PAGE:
AICPA and NYSSCPA Differ Slightly on Peer Review
The American Institute of CPAs’ (AICPA) proposal to enhance peer review and to get all states to mandate it, is drawing mixed support from the New York State Society of CPAs (NYSSCPA), the nation’s largest society and one of the few states that does not currently mandate peer review.
“The AICPA proposal certainly fits with what we want to do, but they don’t go far enough,” said Lou Grumet, executive director of the 33,000 member NYSSCPA. The society, which earlier this year issued a report finding gaping shortcomings in the peer review process, is throwing its weigh once again behind a bill in the state legislature that would make a peer review a mandatory part of the state’s CPA licensing process.
The AICPA also recently issued a report finding major problems with how peer reviews are done. However, according to Grumet, his society’s study has made stricter recommendations that he says are truly needed to repair the process. “We are both in the same direction, but New York goes farther,” he said.
The AICPA’s governing council, at its regional meetings later this month, will discuss a task force proposal that the institute urge all states’ boards of accountancy to require peer review as part of the CPA licensing process. While all states societies manage a peer review program administered nationally by the AICPA, only 39 states now tie the reviews to getting licensed; New York is among those that do not require it.
The New York society has long favored legislation that would mandate peer review, but measures have failed to pass in the Legislature. Its hopes that a new bill in the Senate will get full passages are being buoyed by a series of high-profile audit failures in the state; the audits involved public school districts, so they have gotten the broader kind of publicity that could influence legislators to vote to strengthen the peer review process.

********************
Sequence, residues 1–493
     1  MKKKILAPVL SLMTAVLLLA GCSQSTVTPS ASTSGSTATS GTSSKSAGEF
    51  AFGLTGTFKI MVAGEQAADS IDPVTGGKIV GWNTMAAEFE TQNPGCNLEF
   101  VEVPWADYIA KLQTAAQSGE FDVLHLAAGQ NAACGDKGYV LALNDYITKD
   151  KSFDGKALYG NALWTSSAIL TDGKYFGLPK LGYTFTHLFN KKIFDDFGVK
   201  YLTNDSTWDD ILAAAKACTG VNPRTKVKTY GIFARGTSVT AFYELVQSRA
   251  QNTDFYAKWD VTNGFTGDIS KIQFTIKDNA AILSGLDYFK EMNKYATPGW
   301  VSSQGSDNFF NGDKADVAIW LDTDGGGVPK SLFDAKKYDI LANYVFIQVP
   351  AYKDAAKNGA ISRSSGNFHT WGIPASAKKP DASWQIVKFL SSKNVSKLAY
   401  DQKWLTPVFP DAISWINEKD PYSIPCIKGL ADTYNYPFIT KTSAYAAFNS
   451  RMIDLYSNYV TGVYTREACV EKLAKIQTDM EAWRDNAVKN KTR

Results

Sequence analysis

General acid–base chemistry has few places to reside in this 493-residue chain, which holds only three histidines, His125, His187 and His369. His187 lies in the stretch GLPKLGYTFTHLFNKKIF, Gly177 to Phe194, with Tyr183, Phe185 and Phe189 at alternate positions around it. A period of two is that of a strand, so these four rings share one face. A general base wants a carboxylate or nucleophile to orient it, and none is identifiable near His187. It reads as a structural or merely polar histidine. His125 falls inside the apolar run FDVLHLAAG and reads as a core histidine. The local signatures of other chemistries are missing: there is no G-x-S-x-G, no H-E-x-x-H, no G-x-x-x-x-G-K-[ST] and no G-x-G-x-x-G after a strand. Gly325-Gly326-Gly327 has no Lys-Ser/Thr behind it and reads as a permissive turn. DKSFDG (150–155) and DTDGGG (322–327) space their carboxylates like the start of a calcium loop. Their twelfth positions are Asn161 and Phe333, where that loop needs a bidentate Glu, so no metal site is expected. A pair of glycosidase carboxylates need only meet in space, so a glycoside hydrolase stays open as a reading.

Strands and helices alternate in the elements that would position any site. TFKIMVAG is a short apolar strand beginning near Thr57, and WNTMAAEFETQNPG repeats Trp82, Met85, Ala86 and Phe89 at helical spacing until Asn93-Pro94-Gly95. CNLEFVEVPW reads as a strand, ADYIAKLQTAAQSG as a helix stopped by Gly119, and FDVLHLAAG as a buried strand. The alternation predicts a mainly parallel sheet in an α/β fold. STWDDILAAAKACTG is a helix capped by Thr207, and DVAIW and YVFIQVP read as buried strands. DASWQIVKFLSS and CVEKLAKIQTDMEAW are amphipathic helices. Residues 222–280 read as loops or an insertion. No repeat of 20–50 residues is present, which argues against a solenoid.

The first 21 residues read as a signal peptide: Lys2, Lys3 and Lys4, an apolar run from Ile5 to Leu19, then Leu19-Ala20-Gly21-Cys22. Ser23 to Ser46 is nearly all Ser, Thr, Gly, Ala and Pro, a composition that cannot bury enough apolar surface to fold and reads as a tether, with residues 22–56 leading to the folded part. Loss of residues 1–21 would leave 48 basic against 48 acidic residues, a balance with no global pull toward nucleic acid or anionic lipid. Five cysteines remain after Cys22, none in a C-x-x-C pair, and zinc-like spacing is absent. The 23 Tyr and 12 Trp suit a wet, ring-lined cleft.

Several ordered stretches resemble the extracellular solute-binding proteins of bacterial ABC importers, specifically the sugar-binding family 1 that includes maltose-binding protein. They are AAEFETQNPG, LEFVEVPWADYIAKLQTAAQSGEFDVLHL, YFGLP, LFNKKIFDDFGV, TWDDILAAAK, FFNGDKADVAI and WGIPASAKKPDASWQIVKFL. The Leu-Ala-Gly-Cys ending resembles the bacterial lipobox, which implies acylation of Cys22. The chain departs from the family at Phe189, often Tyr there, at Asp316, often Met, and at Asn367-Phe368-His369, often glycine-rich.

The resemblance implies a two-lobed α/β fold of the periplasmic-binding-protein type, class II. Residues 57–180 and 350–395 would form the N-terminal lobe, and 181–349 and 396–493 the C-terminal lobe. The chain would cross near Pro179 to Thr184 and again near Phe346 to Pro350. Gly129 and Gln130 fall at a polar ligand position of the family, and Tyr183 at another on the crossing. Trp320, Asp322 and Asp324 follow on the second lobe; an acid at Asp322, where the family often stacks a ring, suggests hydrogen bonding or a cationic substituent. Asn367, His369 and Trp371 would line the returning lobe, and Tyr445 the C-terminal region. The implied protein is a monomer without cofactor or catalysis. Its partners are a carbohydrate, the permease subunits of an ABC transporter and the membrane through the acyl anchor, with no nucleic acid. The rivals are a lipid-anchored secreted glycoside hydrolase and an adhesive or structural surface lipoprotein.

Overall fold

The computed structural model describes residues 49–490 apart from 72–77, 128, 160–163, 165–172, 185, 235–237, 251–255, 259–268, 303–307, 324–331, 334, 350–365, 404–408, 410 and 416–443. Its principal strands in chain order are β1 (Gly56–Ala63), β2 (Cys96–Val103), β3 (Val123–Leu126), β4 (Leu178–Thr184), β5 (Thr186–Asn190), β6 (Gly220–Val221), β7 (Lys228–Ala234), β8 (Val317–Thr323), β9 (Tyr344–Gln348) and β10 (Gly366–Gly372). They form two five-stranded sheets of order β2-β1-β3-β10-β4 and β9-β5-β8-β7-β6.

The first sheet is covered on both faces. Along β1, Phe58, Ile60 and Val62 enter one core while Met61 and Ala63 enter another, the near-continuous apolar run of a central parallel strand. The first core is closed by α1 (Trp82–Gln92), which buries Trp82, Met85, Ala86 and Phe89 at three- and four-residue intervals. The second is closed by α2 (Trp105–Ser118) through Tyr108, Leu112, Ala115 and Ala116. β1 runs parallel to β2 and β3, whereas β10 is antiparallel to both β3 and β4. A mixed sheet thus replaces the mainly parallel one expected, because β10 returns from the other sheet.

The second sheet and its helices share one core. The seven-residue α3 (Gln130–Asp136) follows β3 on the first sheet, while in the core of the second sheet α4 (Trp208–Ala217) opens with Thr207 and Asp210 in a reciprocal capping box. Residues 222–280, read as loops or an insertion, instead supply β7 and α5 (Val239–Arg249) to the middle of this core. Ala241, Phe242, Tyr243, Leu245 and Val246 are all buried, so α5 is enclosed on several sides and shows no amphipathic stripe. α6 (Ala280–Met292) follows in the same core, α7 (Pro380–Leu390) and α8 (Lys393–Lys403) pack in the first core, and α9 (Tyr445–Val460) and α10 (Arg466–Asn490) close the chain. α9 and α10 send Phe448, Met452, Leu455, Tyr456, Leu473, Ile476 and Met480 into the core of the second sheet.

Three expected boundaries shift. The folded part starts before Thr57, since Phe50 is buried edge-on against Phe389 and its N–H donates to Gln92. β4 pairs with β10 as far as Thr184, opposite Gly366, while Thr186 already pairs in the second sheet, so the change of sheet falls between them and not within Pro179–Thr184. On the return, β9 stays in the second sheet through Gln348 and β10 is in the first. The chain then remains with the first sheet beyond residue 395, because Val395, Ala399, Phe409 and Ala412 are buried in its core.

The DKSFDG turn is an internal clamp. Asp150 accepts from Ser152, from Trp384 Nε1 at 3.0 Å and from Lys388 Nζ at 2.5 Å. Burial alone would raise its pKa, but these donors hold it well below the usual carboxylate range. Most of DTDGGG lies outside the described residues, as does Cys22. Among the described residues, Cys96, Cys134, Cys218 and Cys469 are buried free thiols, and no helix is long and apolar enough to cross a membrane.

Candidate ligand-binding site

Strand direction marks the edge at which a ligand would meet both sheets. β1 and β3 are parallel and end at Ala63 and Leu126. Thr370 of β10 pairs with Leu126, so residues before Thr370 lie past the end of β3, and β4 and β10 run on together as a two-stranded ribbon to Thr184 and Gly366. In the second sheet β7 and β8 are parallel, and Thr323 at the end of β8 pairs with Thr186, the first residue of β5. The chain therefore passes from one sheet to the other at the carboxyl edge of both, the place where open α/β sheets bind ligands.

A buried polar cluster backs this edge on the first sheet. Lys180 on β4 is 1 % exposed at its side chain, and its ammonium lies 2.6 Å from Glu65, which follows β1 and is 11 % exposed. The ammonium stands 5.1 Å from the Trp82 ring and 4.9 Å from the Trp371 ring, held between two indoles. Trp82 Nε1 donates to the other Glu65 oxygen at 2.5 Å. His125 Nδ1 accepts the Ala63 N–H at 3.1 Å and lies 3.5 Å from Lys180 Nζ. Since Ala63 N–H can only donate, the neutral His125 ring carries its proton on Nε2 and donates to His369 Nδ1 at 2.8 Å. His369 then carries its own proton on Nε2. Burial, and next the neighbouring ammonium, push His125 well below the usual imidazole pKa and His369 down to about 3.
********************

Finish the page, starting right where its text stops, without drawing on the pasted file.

The audit failures in New York also prompted the society’s study which has recommend peer review reforms much tougher and broader than what the AICPA has proposed. Hence Grumet’s reserved support of the AICPA proposal
The main difference between the different groups is that the NYSSCPA report recommends the establishment of disciplinary procedures against firms and CPAs who get poor ratings in their peer reviews, while the AICPA has made no such recommendation. Under the existing AICPA program, those getting poor review rating are required only to take additional training and other “remedial” steps.
“The AICPA’s discipline is more training, while we say that in some cases there should be serious disciplinary sanctions, including the loss of license,” Grumet said.
Both the society and AICPA recommendations call for increased recruitment and training of people who conduct the peer reviews. The NYSSCPA also recommended that reviewers from different firms be pooled into teams of reviewers, which would alter the current “firm-on-firm” process in which one firm’s reviewers all hail from the same firm.